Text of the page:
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Social preferences: Some thoughts from the field

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  • John List

Abstract

This review steps back from the burgeoning economics literature on measuring social preferences and considers more carefully the empirical evidence from the lab and the field. I place the claims from the ardent supporters of the literature into three bins: one for claims that are supported by the data upon closer scrutiny, one for claims that are not supported by the data upon closer scrutiny, and one for claims that may or may not be true. The third set of claims highlights important theoretical and empirical investigations that need to be done to further our understanding of the nature and import of social preferences.

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Bibliographic Info

Paper provided by The Field Experiments Website in its series Artefactual Field Experiments with number 00088.

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Date of creation: 2009
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Handle: RePEc:feb:artefa:00088

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Web page: http://www.fieldexperiments.com

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  1. John List, 2006. "The behavioralist meets the market: Measuring social preferences and reputation effects in actual transactions," Natural Field Experiments 00300, The Field Experiments Website.
  2. Todd L. Cherry & Peter Frykblom & Jason F. Shogren, 2002. "Hardnose the Dictator," Working Papers 02-06, Department of Economics, Appalachian State University.
  3. Werner Güth & Carsten Schmidt & Matthias Sutter, 2005. "Bargaining Outside the Lab – A Newspaper Experiment of a Three-Person Ultimatum Game," Papers on Strategic Interaction 2002-11, Max Planck Institute of Economics, Strategic Interaction Group.
  4. Uri Gneezy & John A List, 2006. "Putting Behavioral Economics to Work: Testing for Gift Exchange in Labor Markets Using Field Experiments," Econometrica, Econometric Society, vol. 74(5), pages 1365-1384, 09.
  5. Andreoni, James & Brown, Paul M. & Vesterlund, Lise, 2002. "What Makes an Allocation Fair? Some Experimental Evidence," Games and Economic Behavior, Elsevier, vol. 40(1), pages 1-24, July.
  6. Jeffrey Carpenter & Cristina Connolly & Caitlin Myers, 2008. "Altruistic behavior in a representative dictator experiment," Experimental Economics, Springer, vol. 11(3), pages 282-298, September.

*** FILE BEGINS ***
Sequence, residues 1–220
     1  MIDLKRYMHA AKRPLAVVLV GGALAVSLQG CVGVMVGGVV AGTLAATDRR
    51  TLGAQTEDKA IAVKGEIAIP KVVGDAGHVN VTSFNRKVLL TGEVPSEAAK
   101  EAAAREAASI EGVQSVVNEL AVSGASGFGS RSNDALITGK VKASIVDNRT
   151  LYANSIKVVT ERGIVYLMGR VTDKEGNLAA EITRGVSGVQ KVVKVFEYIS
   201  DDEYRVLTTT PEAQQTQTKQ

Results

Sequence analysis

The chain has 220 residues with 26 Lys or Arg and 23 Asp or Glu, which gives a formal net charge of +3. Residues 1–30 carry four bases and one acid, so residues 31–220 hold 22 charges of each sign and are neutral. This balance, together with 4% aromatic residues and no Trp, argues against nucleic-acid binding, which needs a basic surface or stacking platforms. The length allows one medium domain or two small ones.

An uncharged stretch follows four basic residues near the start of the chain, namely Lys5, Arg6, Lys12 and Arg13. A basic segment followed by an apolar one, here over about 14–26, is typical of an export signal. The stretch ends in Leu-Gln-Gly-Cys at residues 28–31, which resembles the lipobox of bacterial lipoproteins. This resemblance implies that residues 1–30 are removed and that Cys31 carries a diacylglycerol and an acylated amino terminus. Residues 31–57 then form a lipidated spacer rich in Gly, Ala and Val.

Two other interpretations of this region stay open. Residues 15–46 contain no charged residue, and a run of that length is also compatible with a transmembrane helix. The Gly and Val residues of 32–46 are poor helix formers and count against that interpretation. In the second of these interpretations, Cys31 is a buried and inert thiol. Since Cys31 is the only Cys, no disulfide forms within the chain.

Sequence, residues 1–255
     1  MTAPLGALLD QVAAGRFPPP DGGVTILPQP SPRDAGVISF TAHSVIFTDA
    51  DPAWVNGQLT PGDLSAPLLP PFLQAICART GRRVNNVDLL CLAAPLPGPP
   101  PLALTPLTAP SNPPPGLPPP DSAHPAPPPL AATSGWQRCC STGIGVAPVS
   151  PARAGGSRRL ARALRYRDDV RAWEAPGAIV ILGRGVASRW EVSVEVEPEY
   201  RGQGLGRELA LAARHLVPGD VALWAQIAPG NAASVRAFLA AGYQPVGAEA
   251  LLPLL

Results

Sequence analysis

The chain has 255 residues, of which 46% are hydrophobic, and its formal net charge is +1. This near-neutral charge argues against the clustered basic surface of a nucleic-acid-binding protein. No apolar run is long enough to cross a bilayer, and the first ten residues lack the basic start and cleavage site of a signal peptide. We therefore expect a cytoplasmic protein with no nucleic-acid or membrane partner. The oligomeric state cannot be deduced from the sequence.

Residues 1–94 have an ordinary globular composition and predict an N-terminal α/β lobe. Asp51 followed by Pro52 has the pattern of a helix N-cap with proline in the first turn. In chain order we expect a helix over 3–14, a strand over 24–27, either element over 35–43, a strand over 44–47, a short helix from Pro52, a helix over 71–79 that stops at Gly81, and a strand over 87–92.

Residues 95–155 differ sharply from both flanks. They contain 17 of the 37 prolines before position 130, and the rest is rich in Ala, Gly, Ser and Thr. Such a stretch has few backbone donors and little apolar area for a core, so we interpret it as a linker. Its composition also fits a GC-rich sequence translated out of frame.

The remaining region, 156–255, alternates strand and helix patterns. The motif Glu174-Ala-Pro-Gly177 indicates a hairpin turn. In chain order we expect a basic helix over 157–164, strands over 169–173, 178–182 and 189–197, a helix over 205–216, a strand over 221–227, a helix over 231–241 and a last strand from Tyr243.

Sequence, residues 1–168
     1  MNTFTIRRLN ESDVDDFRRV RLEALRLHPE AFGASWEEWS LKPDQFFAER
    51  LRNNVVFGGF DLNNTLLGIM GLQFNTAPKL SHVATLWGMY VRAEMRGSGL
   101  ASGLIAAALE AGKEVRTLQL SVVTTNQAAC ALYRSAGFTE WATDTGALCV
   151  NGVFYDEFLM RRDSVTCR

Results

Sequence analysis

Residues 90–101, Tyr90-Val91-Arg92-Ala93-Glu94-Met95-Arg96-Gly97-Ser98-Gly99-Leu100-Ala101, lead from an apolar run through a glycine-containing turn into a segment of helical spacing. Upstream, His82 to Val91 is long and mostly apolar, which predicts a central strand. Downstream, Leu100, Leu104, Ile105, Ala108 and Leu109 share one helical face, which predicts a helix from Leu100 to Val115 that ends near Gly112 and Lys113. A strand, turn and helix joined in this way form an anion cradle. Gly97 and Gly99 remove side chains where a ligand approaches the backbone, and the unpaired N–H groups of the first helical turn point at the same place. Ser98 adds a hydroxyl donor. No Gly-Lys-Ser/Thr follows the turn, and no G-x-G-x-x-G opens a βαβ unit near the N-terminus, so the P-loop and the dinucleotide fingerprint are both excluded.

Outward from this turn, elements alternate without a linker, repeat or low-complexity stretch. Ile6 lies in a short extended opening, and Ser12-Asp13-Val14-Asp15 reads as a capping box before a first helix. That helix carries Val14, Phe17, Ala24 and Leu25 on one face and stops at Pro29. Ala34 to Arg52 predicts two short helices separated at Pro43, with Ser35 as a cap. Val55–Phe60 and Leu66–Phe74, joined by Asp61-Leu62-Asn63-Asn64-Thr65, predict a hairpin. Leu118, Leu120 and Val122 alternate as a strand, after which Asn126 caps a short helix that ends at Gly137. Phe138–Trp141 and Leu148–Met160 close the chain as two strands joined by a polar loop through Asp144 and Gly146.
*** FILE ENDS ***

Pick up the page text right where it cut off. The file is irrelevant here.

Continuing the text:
7. Camerer, Colin & Weigelt, Keith, 1988. "Experimental Tests of a Sequential Equilibrium Reputation Model," Econometrica, Econometric Society, vol. 56(1), pages 1-36, January.
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Cited by:
  1. Jeffery Flory & Uri Gneezy & Kenneth Leonard & John List, 2012. "Sex, competitiveness, and investment in offspring: On the origin of preferences," Artefactual Field Experiments 00072, The Field Experiments Website.
  2. Falk, Armin & Meier, Stephan & Zehnder, Christian, 2011. "Did We Overestimate the Role of Social Preferences? The Case of Self-Selected Student Samples," IZA Discussion Papers 5475, Institute for the Study of Labor (IZA).
  3. Kim, Min-Taec & Slonim, Robert, 2012. "The Multi-Dimensional Effects of Reciprocity on Worker Effort: Evidence from a Hybrid Field-Laboratory Labor Market Experiment," IZA Discussion Papers 6410, Institute for the Study of Labor (IZA).
  4. Stoop, Jan, 2012. "From the lab to the field: envelopes, dictators and manners," MPRA Paper 37048, University Library of Munich, Germany.
  5. John A. List, 2014. "Using Field Experiments to Change the Template of How We Teach Economics," The Journal of Economic Education, Taylor & Francis Journals, vol. 45(2), pages 81-89, June.
  6. Franziska Barmettler & Ernst Fehr & Christian Zehnder, 2011. "Big experimenter is watching you! Anonymity and prosocial behavior in the laboratory," ECON - Working Papers 027, Department of Economics - University of Zurich.
  7. Cunyat, Antoni & Sloof, Randolph, 2011. "Employee types and endogenous organizational design: An experiment," Journal of Economic Behavior & Organization, Elsevier, vol. 80(3), pages 553-573.

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